• strawchicago z5
    3 months ago
    last modified: 3 months ago

    Barcelona has fantastic scent, very compact 1' x 1' as 11th-year own root. But it's prone to blackspots after blooming during high-rain season. Roots are too short to reach down to the dolomitic bottom for minerals.



  • strawchicago z5
    3 months ago
    last modified: 3 months ago

    Old Port is very compact as 8th-year own root, scent is light and is prone to blackspots with its dark-green leaves. Same problem of roots being too short to reach down to the bottom layer of dolomitic lime, and I have to constantly lime it keep it healthy prior to each heavy rain.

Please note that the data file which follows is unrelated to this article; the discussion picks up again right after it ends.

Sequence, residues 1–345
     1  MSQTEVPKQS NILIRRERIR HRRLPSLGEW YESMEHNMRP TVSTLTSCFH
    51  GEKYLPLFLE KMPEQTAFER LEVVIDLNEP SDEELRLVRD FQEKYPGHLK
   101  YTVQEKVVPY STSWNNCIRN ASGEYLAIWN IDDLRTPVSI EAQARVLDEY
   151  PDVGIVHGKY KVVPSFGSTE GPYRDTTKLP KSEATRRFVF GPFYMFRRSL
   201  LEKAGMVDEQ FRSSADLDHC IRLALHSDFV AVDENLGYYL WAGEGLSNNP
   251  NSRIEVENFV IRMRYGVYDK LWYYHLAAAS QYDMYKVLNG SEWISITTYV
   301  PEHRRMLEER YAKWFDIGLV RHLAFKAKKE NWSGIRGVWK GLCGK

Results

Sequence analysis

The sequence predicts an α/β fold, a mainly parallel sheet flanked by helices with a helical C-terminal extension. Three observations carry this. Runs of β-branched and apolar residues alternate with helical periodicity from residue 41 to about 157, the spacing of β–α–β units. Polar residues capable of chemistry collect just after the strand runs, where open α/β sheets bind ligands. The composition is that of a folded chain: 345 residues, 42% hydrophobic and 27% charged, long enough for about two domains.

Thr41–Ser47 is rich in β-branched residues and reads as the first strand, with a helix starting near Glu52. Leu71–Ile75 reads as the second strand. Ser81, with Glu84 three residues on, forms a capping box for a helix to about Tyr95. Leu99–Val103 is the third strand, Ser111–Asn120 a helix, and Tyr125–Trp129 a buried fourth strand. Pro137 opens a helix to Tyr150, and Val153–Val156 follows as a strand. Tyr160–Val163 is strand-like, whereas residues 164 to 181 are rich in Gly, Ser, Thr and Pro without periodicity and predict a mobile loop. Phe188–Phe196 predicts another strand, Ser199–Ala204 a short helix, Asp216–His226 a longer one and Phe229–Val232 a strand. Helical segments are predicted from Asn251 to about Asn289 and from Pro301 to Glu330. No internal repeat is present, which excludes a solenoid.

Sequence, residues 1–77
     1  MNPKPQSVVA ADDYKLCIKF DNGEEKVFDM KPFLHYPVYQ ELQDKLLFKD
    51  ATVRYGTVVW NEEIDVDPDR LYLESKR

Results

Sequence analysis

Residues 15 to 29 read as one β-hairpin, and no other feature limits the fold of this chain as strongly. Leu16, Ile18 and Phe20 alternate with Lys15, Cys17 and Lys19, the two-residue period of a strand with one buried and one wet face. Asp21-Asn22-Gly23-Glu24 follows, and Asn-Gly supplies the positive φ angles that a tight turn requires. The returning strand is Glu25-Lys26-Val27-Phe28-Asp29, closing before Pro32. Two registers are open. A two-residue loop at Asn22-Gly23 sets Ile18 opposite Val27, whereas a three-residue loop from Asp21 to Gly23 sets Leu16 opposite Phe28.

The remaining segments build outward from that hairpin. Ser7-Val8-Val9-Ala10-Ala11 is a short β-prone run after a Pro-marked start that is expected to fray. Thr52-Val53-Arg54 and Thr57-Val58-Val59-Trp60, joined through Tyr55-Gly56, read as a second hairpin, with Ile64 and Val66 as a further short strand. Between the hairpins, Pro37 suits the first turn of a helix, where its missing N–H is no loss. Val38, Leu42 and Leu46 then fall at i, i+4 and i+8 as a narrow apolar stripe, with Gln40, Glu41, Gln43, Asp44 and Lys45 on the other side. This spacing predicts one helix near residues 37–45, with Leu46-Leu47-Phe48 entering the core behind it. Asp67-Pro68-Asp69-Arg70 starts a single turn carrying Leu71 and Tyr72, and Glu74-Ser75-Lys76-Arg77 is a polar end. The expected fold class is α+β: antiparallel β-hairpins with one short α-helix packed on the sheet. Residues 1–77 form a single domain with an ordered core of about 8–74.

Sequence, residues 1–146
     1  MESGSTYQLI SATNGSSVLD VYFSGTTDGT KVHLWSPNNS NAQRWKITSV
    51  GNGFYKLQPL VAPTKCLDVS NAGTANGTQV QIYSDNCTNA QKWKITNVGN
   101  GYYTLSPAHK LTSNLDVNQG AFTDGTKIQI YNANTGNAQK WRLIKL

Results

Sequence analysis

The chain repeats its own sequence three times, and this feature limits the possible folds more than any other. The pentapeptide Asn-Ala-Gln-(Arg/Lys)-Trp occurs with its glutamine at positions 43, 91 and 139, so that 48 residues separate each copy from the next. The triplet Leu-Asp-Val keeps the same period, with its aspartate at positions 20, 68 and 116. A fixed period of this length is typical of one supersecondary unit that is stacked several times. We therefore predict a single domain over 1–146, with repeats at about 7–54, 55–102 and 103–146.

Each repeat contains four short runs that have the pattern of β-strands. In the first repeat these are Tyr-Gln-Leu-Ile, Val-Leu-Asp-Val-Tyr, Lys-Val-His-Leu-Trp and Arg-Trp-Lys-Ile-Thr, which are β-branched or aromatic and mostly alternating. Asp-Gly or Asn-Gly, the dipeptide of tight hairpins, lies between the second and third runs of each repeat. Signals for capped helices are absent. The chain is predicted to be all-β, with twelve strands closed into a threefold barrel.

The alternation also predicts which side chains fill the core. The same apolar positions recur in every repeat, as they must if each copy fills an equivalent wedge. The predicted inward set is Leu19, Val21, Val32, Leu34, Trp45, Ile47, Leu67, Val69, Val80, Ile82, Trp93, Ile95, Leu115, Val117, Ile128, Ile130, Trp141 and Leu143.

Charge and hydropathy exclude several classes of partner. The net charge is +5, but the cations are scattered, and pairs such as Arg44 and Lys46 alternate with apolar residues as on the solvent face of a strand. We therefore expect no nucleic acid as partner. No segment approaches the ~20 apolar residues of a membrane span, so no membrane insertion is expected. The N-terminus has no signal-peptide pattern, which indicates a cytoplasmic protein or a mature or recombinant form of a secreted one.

• rosecanadian
    3 months ago

    This year, Queen of Elegance is my best bushy rose that blooms a lot. The bees love it.


    I'm not sure how big it gets in warmer climates or grown in the ground. It has lots of leaves. The roses have a great spicy-rosy fragrance. :)


    Gosh there are some beauties here. Kristine - your Love Song and Plum Perfect are wonderful! Straw - your Poseidon and your The Dark Lady are sublime!! :)

  • strawchicago z5
    3 months ago
    last modified: 3 months ago

    rosecanadian Your Q of Elegance looks great !! Your roses in pots are superb this year, very much like your many years of lots of blooms and healthy leaves. Are there differences in how you feed them this year versus last year? Thanks for the info.

    I constantly experiment with new ways each year, it's about learning rather than being perfect.

  • dianela7bnorthal
    3 months ago
    last modified: 3 months ago

    Straw your roses are beautiful. What is the dark pink peony showing behind prairy harvest, it looks super lovely.

  • noseometer...(7A, SZ10, Albuquerque)
    3 months ago